I agree with Ian that the SUMP Java client is not maintained by the OLS project ... and the issue does not qualify for an OLS fail.
On the other side there will be a considerable number of OLS users who will want to use the OLS in Arduino development. Since the problem is not restricted to Mac OSX (as shown above) and appears to origin from the SUMP Java client there should be a general interest to get it fixed. Actually the conflicts will not be restricted to the Arduino IDE but extend to all/most Java applications that will make use of librxtxSerial.jnilib and RXTXcomm.jar. I will seperate this part of my post along with ben51s posts and merge them into a new "Conflicts between SUMP Java Client and Arduino IDE" thread later.[/quote]
[quote author="rhyde"] ... The reason I have not seen the arduino interaction problem is I only have one usb port, and have failed on all attempts with powered hubs. So it is clear why I did not hit it.[/quote]
Actually the conflicts will not be restricted to the Arduino IDE but extend to all/most Java applications that will make use of librxtxSerial.jnilib and RXTXcomm.jar.
I hadn't thought of this. Both SUMP and the Arduino IDE use the java rx/tx library. Both the FTDI chip and the OLS appear on the system as a serial port. COuld be an interaction there, but ti seems like no system should reset one serial port when another is added.[/quote]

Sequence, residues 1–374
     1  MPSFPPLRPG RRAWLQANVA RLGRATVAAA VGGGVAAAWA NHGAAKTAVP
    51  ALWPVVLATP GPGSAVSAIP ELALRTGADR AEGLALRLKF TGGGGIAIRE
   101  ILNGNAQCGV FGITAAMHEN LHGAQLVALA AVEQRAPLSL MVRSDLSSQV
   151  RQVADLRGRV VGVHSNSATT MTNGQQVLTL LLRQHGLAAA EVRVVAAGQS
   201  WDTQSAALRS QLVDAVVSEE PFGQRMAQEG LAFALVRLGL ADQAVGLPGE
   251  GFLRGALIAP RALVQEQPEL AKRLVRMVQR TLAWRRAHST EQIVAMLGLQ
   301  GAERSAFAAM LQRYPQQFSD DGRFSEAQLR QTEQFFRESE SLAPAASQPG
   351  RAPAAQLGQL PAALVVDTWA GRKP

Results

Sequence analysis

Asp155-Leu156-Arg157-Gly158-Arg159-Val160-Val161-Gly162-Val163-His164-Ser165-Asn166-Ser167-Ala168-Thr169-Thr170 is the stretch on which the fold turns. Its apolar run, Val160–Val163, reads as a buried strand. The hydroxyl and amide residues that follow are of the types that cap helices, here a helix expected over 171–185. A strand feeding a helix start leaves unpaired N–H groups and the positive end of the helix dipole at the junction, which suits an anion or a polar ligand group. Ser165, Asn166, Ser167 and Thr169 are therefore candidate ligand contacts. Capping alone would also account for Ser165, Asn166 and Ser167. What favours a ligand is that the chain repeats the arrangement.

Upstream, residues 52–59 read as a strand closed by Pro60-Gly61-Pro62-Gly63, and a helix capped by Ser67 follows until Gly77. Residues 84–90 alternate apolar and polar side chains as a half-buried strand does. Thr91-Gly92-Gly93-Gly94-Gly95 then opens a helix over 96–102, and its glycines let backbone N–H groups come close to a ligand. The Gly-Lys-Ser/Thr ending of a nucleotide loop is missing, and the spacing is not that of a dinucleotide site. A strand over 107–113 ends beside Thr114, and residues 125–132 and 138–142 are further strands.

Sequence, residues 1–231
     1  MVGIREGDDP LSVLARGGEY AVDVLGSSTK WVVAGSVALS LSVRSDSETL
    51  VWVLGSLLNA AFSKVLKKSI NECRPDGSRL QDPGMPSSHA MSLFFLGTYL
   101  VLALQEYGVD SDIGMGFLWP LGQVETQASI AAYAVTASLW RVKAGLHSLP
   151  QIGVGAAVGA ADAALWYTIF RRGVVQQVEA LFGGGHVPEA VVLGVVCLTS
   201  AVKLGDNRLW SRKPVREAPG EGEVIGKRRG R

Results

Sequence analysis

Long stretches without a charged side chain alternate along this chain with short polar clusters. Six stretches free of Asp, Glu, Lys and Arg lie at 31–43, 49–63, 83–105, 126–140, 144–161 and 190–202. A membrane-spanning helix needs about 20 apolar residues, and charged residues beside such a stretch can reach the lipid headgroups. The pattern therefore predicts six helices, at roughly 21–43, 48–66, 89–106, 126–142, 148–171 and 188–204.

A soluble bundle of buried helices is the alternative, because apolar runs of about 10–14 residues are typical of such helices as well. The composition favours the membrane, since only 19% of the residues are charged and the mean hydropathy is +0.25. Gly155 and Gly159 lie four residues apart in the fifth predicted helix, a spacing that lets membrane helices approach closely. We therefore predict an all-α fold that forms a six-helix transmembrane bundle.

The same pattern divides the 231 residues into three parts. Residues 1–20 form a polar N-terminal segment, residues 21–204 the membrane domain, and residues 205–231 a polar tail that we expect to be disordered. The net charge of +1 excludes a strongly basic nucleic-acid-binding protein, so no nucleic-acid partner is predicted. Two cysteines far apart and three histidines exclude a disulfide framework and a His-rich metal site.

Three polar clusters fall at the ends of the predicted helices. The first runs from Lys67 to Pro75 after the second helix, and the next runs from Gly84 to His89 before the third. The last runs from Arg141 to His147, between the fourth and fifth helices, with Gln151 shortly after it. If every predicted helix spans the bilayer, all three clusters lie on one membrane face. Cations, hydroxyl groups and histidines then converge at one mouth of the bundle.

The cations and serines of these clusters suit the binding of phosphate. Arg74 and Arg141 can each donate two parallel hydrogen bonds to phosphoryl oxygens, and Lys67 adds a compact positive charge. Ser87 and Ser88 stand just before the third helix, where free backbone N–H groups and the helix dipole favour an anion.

[quote author="sdixon"] [quote author="ian"] I hadn't thought of this. Both SUMP and the Arduino IDE use the java rx/tx library. Both the FTDI chip and the OLS appear on the system as a serial port. COuld be an interaction there, but ti seems like no system should reset one serial port when another is added. [/quote] Ian- The way most Arduino boards are set up, the processor is wired to reset to the boot loader whenever the DTR line is toggled, which generally happens when the port is opened. This is used by the Arduino IDE to automatically put the processor into the boot loader to load new code (it avoids requiring the user to manually reset the processor each time). So it perhaps isn't surprising that SUMP would cause an Arduino reset when it starts up since it seems to go through all of the available serial ports looking for the FPGA. But it doesn't really make sense that the reset happens each time a capture is started, as people are reporting. Once the correct serial port is selected in SUMP, it shouldn't be messing with any other port.[/quote]